Saving the Africa Centre? By Richard Dowden
I thought the days of effective agitprop and demos were over but this story might have a happy ending. For more than a decade the Africa Centre at 38 King Street in Covent Garden has been dormant. Once the vibrant cultural, political, social centre for Africans and anyone interested in Africa, bad management and the cost of maintaining the Grade II listed building had left it on the edge of dereliction.
Once the auction house for the sale of ancient Egyptian treasures in the 19th Century, it was given by the Catholic Church in perpetuity to the people of Africa in 1962. President Kenneth Kaunda of Zambia opened it and from then on it became The Place for African presidents, freedom fighters, writers and artists to speak and debate. You could find everything African there, from Ghanaian food to fierce debates and fantastic parties. Sometimes all three at the same time on a Saturday night; a High Life or Congolese band playing to a crammed floor of dancers while below in the basement radicals and reactionaries sipped pepper soup and argued about evolutionary versus revolutionary change. During the week there were talks about art, African dance lessons, films and plays.
Like the rest of Covent Garden at that time it was scruffy and run down but open to the street and its staff always welcoming. A safe place for all, never in the hands of an ideological clique that excluded others. Even the most right-wing conservatives and hardline Marxists felt at ease there.
But unlike the rest of Covent Garden it did not revive in the 1990s and became a symbol of Africa’s decline, falling apart, poorly managed with no clear strategy to fund it. A new board of trustees nearly 10 years ago drew up plans but were unable to fulfil them and failed to raise money. It could not even spend a £3 million grant from the Arts Council. But the trustees kept promising revival. In 2006 Oliver Andrews, Chair of Trustees, said that the “Council is committed to keeping all its various stakeholders informed of developments at the Centre and will be issuing updates on a regular basis. It would also like to assert in the strongest terms possible that there is no intention to close down or sell the building.”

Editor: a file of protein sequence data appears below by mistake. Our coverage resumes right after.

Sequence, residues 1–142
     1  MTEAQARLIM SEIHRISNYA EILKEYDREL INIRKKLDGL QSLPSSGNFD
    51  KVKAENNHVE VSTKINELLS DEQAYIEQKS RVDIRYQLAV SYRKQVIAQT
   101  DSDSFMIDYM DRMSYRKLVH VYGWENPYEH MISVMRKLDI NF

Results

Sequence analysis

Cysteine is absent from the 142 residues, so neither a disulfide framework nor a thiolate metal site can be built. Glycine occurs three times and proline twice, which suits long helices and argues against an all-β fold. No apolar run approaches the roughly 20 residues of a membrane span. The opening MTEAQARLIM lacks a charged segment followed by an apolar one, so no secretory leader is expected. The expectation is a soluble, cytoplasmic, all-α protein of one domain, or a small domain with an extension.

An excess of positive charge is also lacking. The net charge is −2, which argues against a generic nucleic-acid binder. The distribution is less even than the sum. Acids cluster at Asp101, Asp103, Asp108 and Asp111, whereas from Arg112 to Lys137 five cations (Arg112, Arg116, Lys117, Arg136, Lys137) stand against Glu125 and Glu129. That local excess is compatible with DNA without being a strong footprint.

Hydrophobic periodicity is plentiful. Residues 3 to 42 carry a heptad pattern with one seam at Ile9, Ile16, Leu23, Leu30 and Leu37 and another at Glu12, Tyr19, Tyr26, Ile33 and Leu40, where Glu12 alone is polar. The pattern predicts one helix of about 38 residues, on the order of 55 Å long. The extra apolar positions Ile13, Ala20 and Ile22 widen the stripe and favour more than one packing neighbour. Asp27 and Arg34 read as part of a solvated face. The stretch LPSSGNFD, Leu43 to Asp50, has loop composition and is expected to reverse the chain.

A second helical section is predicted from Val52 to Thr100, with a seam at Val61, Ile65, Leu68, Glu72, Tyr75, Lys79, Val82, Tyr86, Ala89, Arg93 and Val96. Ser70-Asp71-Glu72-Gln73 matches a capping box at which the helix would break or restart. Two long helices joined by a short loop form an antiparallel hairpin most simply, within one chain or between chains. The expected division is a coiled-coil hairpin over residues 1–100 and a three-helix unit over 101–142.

So we all waited patiently. Last year the offices in the building were done up and painted and organisations with Africa connections moved in. Then suddenly in March it leaked out that a secret deal was being done by the trustees to sell a 125 year lease to Capco, a property company that owns much of Covent Garden already. There was no announcement, no consultation and no information. The newly arrived tenants were given eviction notices. Under Charity Law the trustees have absolute power and while they are encouraged to inform the people who the charity serves, they are not obliged to. Unless trustees break the law or the terms of their charter, they can do whatever they like.
So a Save The Africa Centre campaign was launched and the Royal African Society joined the request for information and consultation from the trustees. Our Chair, Lord Mark Malloch Brown and I signed a letter to The Times on April 11th which was also signed by Archbishop Desmond Tutu, Boris Johnson and Baroness Kinnock. But our request for a public meeting and a delay period to consult was refused. But the chief agitators were not just nostalgic old Africa hands, bemoaning change. They were bright young African professionals, demanding openness and consultation and trying to preserve African heritage in Britain.